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Single Electron Devices. Transistors Single-electron Transistors. Transistors What are transistors? How do they work?

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single electron devices

Single Electron Devices


Single-electron Transistors

    • What are transistors?
    • How do they work?

A transistor is a device that functions only in one direction, in which it draws current from its load resistor. The transistor is a solid state semiconductor device which can be used for amplification, switching, voltage stabilization, signal modulation and many other functions. It acts as a variable valve which, based on its input current (BJT) or input voltage (FET), allows a precise amount of current to flow through it from the circuit's voltage supply.

One cathode is tied to common (the emitter); the other cathode (the collector) goes to a load resistor tied to the positive supply. For understanding, the transistor is configured to have the diode signal start up unimpeded until it reaches ~ 0.6 volts peak. At this point the base voltage will stop increasing. No matter how much the voltage applied from the generator increases (within reason), the "base" voltage appears to not increase. However, the current into that junction (two anodes) increases linearly: I = [E - 0.6]/R.

Fig 2. Graph of how the base voltage acts with increasing input voltage.

As the voltage increases from 0 to 0.5 volts there is no current. However, at 0.6

a small current starts to show which is drawn by the base. The voltage at the base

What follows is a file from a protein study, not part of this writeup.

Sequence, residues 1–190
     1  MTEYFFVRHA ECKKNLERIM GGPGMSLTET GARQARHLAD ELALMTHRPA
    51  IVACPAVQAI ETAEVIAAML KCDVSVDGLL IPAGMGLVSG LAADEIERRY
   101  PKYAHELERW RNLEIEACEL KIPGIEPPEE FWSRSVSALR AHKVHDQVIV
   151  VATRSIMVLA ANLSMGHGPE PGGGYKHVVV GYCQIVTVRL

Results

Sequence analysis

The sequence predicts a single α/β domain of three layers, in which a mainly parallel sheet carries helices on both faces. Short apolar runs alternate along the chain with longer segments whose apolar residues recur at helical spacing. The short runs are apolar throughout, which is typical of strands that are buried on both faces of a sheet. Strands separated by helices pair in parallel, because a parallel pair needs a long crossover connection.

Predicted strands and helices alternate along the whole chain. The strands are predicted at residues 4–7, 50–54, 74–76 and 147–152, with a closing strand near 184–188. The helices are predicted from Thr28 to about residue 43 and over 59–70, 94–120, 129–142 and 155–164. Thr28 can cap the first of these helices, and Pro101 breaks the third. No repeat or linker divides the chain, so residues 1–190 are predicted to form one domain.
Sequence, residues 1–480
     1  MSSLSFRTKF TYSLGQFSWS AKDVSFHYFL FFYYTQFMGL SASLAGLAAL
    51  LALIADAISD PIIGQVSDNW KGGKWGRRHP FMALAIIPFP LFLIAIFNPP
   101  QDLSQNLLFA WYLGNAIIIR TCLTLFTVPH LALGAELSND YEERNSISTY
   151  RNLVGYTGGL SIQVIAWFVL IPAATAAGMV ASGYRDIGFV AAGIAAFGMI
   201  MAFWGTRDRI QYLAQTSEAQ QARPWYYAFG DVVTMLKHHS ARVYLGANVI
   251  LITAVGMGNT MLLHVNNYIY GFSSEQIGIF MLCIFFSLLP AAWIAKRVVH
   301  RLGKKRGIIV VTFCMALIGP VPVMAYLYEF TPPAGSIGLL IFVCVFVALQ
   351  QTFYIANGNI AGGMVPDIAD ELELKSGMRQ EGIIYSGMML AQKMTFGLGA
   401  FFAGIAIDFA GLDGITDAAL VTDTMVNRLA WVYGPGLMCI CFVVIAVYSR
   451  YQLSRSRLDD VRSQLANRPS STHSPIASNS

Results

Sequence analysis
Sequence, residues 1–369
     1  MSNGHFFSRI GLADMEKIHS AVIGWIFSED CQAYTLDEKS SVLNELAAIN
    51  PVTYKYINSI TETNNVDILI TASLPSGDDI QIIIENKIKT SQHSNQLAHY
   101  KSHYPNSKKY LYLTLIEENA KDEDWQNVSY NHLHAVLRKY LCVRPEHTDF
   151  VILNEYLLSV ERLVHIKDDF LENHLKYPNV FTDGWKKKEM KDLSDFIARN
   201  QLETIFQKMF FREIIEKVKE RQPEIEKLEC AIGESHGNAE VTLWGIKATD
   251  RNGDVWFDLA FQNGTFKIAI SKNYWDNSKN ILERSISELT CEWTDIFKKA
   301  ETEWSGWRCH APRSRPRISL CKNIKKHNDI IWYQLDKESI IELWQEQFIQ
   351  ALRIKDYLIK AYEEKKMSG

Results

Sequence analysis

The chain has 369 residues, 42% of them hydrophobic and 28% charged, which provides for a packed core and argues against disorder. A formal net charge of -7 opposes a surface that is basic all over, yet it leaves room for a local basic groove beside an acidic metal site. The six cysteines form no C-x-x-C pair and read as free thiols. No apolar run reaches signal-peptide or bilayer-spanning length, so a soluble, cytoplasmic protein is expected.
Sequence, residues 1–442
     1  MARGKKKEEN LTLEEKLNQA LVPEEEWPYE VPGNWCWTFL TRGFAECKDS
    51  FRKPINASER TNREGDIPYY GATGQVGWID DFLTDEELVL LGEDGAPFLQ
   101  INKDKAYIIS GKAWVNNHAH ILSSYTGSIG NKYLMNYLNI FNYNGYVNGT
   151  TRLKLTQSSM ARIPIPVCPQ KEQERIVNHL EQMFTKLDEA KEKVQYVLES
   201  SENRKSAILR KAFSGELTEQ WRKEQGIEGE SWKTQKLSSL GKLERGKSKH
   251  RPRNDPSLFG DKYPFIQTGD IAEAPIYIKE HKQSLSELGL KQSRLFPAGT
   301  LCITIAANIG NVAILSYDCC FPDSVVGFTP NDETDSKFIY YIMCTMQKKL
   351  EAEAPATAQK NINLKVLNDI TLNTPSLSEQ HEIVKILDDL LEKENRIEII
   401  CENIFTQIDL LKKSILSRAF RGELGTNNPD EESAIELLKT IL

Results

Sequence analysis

stops increasing and remains at 0.6 volts, and the current starts to increase along

with the collector current. The collector current will slow down at some point until it

stops increasing. This is where saturation occurs. If this transistor was being used

as a switch or as part of a logic element, then it would be considered to be switched


Single-electron Transistor

- what problem does it help solve?

- what is its operation?

Problem of Making More Powerful Chips
  • Intel co-founder Gordon Moore that the number of transistors on a chip will approximately double every 18 to 24 months. This observation refers to what is known as Moore’s Law.
  • This law has given chip designers greater incentives to incorporate new features on silicon.
  • The chief problem facing designers comes down to size. Moore's Law works largely through shrinking transistors, the circuits that carry electrical signals. By shrinking transistors, designers can squeeze more transistors into a chip.However, more transistors means more electricity and heat compressed into an even smaller space. Furthermore, smaller chips increase performance but also compound the problem of complexity.
To solve this problem, the single-electron tunneling transistor - a device that exploits the quantum effect of tunneling to control and measure the movement of single electrons was devised. Experiments have shown that charge does not flow continuously in these devices but in a quantized way.

Fig 3. A single-electron transistor

The single-electron tunneling (SET) transistor consists of a gate electrode that electrostaticaly influences electrons traveling between the source and drain electrodes. The electrons in the SET transistor need to cross two tunnel junctions that form an isolated conducting electrode called the island. Electrons passing through the island charge and discharge it, and the relative energies of systems containing 0 or 1 extra electrons depends on the gate voltage. At a low source­drain voltage, a current will only flow through the SET transistor if these two charge configurations have the same energy
  • The SET transistor comes in two versions that have been nicknamed metallic and semiconducting.
SET Transistor Function